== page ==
Where in the United States is the water not safe to drink? ›

WHERE: Kentucky. This rural coal town is known for its polluted drinking water. In 2000, a coal company spilled 300 million gallons of coal slurry into its waterways and contaminated the system with arsenic and mercury.

Which bottled water is the purest? ›

In all seriousness, SmartWater is deemed as one of the best water bottle brands out there, enabling you to achieve ultimate hydration through a special vapor-distillation process that eradicates impurities. Essentially, this sort of system emulates the hydrologic cycle that makes water as pure as a drop of rain.

Is it cheaper to buy gallons of water or bottled? ›

The main advantage of tap water throughout the world is its low cost. Tap water costs a fraction of a penny per gallon. According to the Harvard Energy and Facilities department, tap water is 3000% less expensive per gallon than bottled water, at $0.02 per gallon to $0.64 per gallon of bottled water.

Why do some people refuse to drink tap water? ›

The tap water smells strongly of chlorine, like a swimming pool, and residents frequently report problems with bad taste, discoloration, sediment, and irritated or burning skin after bathing. What's Really in Your Bottled Water?

Is Mexican bottled water safe to drink? ›

No — Mexico Locals drink bottled water.

To make Mexico water safe to drink, you'd have to boil it or use a filterable water bottle like the Water-To-Go. Many locals buy a garrafón (five gallon water jug), and keep those in their homes for use.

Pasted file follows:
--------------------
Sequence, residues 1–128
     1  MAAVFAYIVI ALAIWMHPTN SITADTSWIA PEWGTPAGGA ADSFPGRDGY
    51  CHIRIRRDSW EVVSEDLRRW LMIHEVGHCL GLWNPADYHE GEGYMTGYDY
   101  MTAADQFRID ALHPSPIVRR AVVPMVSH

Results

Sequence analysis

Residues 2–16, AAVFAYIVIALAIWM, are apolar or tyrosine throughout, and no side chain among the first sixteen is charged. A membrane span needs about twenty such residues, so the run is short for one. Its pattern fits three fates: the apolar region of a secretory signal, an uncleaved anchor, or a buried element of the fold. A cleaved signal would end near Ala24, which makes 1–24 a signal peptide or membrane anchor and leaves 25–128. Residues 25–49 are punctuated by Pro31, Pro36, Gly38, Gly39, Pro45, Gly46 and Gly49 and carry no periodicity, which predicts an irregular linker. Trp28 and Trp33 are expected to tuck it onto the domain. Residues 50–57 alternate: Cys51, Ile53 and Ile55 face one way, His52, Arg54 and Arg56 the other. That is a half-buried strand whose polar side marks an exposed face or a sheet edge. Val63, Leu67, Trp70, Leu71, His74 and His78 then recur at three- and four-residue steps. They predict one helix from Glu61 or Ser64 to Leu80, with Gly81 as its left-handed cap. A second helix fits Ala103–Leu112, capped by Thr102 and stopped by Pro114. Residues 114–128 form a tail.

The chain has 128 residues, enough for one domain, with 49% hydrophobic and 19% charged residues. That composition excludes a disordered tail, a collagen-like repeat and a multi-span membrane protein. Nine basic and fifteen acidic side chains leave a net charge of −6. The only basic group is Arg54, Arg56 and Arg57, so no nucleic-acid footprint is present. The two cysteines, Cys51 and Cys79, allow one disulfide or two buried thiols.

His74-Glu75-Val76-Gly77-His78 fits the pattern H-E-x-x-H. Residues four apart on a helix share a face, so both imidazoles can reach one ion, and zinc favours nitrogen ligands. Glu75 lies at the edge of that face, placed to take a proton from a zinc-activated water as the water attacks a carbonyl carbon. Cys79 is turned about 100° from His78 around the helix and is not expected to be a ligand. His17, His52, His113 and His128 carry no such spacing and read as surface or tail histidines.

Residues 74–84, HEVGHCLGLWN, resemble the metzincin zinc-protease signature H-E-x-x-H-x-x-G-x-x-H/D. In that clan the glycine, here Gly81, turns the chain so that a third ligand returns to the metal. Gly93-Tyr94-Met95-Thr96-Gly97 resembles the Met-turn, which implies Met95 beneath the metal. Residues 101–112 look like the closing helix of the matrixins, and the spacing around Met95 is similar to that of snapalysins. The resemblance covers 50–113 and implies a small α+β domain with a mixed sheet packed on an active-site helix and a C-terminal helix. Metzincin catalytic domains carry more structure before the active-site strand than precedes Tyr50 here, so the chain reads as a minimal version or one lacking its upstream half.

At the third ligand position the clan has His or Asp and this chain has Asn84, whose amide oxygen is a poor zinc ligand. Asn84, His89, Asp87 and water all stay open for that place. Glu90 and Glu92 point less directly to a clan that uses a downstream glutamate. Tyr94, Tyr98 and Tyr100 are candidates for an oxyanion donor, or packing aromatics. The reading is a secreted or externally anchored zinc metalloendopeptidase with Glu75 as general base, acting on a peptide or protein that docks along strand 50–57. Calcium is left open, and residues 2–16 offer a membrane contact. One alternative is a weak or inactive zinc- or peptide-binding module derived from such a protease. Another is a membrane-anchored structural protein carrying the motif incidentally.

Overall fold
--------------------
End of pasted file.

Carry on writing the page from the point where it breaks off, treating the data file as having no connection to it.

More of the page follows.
Why is water consumption increasing? ›

Looking ahead, the demand for fresh water in many regions is likely to increase while supplies decrease due to a growing population, shifts in how land is used, and a changing climate.

Has the consumption of bottled water has risen significantly over the last few decades? ›

Global bottled water consumption was characterized by a significant growth over the last decade and is still on the rise.

What is the growth rate of the bottled water market? ›

The market is expected to grow annually by 6.34% (CAGR 2023-2027). In global comparison, most revenue is generated in the United States (US$94.07bn in 2023).

How much bottled water is consumed each year? ›

In 2021, 15.3 billion gallons of bottled water were sold in the United States.

Will we run out of water in 2050? ›

Says. Five billion people, or around two-thirds of the world's population, will face at least one month of water shortages by 2050, according to the first in a series of United Nations reports on how climate change is affecting the world's water resources.

Why is water usage declining? ›

A number of factors can be attributed to the 18 percent decline in thermoelectric-power withdrawals, including a shift to power plants that use more efficient cooling-system technologies, declines in withdrawals to protect aquatic life, and power plant closures.